BREAKING: President Trump urges SCOTUS to bring 'swift and decisive end' to ballot challenges

Oral arguments will be heard on Feb. 8.

Katie Daviscourt Seattle WA

On Thursday, 2024 GOP frontrunner Donald Trump urged the Supreme Court to overturn the ruling that removed him from the Colorado primary ballot, citing a "dubious interpretation" of the Fourteenth Amendment as the basis for the decision, according to The Hill.

The Colorado Supreme Court voted in December to remove Donald Trump from the state's primary ballot, ruling that the former president had violated a US constitutional provision in the 14th Amendment that prevents individuals who have participated in "insurrection" from holding federal office.

This over Trump's alleged participation in the events that unfolded at the US Capitol on Jan. 6, 2021, following his "Stop the Steal" rally.

In a written brief filed on Thursday, Trump's lawyers argued to the Supreme Court Justices: "The Court should put a swift and decisive end to these ballot-disqualification efforts, which threaten to disenfranchise tens of millions of Americans and which promise to unleash chaos and bedlam if other state courts and state officials follow Colorado’s lead and exclude the likely Republican presidential nominee from their ballots."

The Amendment states that if someone took an oath to support the Constitution and then "engaged in insurrection," they are not eligible to hold "any office... under the United States."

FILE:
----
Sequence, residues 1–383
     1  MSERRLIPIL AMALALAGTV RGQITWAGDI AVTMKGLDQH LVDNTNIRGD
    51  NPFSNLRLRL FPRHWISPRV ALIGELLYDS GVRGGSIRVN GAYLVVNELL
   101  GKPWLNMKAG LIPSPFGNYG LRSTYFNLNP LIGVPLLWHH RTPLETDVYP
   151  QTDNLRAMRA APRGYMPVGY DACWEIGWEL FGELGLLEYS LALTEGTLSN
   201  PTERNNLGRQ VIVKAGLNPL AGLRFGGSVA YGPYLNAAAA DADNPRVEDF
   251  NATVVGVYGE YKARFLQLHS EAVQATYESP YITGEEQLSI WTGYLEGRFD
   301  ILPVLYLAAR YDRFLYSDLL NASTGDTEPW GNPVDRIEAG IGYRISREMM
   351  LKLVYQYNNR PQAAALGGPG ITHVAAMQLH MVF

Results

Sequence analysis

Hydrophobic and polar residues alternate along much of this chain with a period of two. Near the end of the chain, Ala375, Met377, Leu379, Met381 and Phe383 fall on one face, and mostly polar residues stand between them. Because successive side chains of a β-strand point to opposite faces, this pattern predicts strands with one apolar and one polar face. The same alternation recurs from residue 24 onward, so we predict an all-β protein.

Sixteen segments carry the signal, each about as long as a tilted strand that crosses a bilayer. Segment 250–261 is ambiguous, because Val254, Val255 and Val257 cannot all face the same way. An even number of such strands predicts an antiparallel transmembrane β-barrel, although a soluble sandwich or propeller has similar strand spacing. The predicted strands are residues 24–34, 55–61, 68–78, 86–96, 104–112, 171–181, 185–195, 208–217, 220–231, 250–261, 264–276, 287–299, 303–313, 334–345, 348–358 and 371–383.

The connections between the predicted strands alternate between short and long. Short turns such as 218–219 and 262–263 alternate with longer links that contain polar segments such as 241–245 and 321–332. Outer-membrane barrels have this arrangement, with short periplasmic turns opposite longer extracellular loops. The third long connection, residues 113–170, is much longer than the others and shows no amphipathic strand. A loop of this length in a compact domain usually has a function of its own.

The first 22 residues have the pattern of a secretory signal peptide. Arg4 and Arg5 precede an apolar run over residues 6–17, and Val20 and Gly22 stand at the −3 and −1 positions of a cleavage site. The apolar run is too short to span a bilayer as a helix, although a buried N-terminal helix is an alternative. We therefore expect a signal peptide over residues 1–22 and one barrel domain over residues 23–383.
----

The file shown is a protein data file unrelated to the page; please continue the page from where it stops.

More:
Trump has not been found guilty by any court of participating in an "insurrection" as of yet.

In the written brief, Trump claimed that there were multiple threshold issues that should lead the ballot challenges to be rejected and that he had done nothing that "remotely qualifies" as participating in insurrection.

"The fact remains President Trump did not commit or participate in the unlawful acts that occurred at the Capitol, and this Court cannot tolerate a regime that allows a candidate’s eligibility for office to hinge on a trial court’s assessment of dubious expert-witness testimony or claims that President Trump has powers of telepathy," the brief states.

The Colorado Supreme Court, which consists of all Democrat judges, has been lambasted for its decision to remove President Biden's top political rival.

On Thursday, 177 GOP members of Congress signed onto an amicus brief in support of Donald Trump ahead of the Colorado case.

The brief argues that the Colorado Supreme Court’s ruling, which took Trump off the ballot in the state under the 14th Amendment, had a view of the amendment that is ''too expansive" and "encroaches" on congressional authority. 

Oral arguments will be heard on Feb. 8.

This is a breaking story and will be updated.

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